Jetex Flight Support, which provides business aircraft handling services around the world and operates two FBOs in Europe, is planning an aggressive growth strategy that could see its FBO holdings triple over the next year. As the Dubai-based company celebrates its seventh anniversary, having launched at the 2005 Dubai Airshow, it revealed that four more FBOs were in the pipeline–including one here at Dubai World Central (DWC) to be built next year.
Jetex has already been growing fast. After providing only handling services in its first three years, the company jumped into the FBO business by acquiring the former Flying Group facility at Paris Le Bourget Airport (in February 2009). Last November, the company established a joint venture with Westair to operate an FBO at Shannon Airport in Ireland. Both facilities are prime locations for business aircraft handling in Europe, with the Paris FBO logging more than 9,000 annual movements in the past year alone, Jetex president and CEO Adel Mardini told AIN here at MEBA 2012.
But apparently that was just the beginning. According to Mardini, next year Jetex (Stand 400) plans to open FBOs at DWC’s Al Maktoum International Airport, as well as two new locations in Europe and one in the Far East (Mardini would not elaborate further on the exact locations).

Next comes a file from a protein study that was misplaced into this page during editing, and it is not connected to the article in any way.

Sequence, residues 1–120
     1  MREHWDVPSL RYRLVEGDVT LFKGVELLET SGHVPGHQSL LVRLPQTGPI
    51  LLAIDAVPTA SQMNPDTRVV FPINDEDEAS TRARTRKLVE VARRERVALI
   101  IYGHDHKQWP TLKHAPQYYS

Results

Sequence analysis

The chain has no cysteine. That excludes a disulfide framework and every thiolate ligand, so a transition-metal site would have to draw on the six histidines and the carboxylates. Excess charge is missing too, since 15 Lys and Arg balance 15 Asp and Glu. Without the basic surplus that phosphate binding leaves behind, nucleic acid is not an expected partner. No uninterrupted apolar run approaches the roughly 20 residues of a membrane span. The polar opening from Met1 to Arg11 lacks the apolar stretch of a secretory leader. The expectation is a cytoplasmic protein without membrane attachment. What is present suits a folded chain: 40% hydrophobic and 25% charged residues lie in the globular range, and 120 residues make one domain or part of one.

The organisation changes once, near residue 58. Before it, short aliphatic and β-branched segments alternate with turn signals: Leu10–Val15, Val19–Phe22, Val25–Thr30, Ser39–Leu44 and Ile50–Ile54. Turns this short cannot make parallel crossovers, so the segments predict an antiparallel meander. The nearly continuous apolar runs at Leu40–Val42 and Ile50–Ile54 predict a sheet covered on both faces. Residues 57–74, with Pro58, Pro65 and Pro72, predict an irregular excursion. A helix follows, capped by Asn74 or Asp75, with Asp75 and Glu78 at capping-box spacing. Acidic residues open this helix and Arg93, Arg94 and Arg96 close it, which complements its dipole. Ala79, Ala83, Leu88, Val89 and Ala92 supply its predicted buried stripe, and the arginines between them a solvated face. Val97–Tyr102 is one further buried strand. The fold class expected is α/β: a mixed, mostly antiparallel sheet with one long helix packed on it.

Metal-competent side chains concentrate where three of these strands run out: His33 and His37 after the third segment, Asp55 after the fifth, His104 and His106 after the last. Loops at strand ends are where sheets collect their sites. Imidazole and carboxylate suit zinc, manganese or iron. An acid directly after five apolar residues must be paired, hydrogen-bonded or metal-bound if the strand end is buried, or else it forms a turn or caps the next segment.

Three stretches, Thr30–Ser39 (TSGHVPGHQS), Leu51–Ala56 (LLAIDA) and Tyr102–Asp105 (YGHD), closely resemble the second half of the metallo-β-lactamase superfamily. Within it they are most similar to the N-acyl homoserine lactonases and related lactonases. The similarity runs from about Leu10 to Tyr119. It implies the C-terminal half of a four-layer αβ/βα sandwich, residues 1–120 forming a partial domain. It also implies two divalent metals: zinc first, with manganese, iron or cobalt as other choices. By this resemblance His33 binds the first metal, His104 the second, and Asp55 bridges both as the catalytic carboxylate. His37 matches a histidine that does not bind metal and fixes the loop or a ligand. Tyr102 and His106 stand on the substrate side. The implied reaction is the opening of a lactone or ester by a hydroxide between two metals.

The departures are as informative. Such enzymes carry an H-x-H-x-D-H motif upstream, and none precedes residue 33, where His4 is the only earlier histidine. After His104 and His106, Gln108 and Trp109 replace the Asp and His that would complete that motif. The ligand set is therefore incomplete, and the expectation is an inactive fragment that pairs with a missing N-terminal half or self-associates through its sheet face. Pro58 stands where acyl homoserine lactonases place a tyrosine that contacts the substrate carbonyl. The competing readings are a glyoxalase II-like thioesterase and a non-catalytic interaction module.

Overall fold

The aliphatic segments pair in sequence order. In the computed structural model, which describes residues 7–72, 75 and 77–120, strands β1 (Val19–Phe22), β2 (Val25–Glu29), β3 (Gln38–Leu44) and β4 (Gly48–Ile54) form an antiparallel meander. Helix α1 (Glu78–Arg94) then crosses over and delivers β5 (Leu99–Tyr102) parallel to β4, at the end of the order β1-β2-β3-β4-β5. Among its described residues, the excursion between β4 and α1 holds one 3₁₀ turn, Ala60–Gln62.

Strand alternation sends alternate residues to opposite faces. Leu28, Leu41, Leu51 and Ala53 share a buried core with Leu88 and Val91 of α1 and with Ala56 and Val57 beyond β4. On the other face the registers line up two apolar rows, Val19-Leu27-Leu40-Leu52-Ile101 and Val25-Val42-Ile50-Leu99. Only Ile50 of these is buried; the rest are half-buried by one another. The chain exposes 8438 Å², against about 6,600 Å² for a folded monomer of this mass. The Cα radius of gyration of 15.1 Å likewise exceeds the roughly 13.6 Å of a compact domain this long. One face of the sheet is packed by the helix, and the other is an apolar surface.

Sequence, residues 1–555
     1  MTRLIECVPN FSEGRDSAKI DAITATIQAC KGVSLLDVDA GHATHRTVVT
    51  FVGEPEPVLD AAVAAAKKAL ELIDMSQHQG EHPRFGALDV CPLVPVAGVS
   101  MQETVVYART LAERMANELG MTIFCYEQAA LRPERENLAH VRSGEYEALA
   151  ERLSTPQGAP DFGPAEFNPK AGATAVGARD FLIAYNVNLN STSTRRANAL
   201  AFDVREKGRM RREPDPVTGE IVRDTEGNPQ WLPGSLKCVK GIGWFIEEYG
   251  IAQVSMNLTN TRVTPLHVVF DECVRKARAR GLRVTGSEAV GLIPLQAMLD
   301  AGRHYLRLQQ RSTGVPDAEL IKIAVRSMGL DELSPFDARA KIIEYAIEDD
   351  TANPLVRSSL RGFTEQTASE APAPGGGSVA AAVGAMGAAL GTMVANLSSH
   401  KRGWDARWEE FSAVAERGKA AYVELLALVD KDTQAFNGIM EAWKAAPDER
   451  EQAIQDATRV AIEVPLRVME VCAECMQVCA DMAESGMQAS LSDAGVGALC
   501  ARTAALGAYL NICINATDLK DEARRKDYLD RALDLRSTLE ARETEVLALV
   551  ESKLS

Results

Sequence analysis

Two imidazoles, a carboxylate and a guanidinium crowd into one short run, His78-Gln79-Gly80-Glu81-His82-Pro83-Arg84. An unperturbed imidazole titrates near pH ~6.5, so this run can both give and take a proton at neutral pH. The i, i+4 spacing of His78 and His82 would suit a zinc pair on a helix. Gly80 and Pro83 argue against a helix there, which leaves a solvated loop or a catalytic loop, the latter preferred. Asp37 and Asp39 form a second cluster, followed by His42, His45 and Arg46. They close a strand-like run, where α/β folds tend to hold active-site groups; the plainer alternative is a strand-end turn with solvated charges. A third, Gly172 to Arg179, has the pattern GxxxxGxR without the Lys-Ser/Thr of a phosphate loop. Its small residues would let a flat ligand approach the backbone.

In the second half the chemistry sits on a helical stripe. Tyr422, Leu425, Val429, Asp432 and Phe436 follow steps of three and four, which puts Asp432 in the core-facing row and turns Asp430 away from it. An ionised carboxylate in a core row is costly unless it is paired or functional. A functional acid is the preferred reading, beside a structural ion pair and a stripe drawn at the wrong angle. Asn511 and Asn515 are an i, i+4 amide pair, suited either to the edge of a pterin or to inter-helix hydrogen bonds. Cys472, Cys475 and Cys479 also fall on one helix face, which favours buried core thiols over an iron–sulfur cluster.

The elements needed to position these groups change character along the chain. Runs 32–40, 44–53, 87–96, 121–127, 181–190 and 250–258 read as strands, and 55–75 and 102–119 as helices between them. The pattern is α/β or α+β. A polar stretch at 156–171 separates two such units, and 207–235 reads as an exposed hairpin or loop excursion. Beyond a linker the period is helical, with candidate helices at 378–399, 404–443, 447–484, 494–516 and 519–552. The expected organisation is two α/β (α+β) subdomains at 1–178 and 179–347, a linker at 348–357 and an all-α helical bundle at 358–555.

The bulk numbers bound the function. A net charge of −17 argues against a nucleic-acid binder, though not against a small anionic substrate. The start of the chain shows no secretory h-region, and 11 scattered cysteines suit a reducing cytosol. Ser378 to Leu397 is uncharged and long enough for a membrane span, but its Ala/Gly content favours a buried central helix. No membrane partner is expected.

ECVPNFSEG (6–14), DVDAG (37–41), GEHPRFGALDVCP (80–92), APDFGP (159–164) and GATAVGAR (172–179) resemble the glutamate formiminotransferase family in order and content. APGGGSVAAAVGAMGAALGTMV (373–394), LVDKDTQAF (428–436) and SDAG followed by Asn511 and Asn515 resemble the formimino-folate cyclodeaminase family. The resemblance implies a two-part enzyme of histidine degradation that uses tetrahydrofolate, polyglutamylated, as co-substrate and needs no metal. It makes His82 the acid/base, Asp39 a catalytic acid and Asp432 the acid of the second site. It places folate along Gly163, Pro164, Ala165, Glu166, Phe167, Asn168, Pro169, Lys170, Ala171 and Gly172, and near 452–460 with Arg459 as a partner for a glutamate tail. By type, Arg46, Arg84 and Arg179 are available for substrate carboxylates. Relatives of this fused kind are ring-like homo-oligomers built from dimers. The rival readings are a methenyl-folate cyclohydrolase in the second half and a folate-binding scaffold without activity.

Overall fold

Regarding the facility here at DWC, Mardini said Jetex had signed a memorandum of understanding and is in final negotiations for a long-term lease on a facility in the “aviation district,” a 339,700-square-mile plot of land on the southwest corner of the airfield that will house various business jet FBOs, hangars and MROs, as well as the new Dubai Airshow facility (currently under construction) where future MEBA conventions will also be held. The new Emirates Flight Academy will also be located in this district. Jetex hopes to open its FBO at Al Maktoum Airport by the end of next year, Mardini said.
Meanwhile, Jetex is also laying plans to expand in the Americas. In October, it started supplying fuel to international operators in domestic airports in Brazil, and next year Jetex plans to do the same in Mexico and Columbia.
The company also exhibited in the U.S. at the recently held NBAA Convention in Orlando, Florida, hoping to make further inroads into the largest business aviation market in the world. “Jetex is making steps to be closer to the U.S. market,” Mardini told AIN. “U.S. aircraft operators need assistance for international trip planning, and we are the natural choice for this in the Middle East, since we are very familiar with the rules and culture in this region.”
Closer to home, the company is expanding its footprint in Africa, having opened an office in June at Ethiopia’s Addis Ababa Airport, which Jetex calls “a gateway to Africa.” It also offers full aircraft fueling (including arranging for cash payment of fuel in local currencies), ground handling and flight planning services throughout this emerging continent.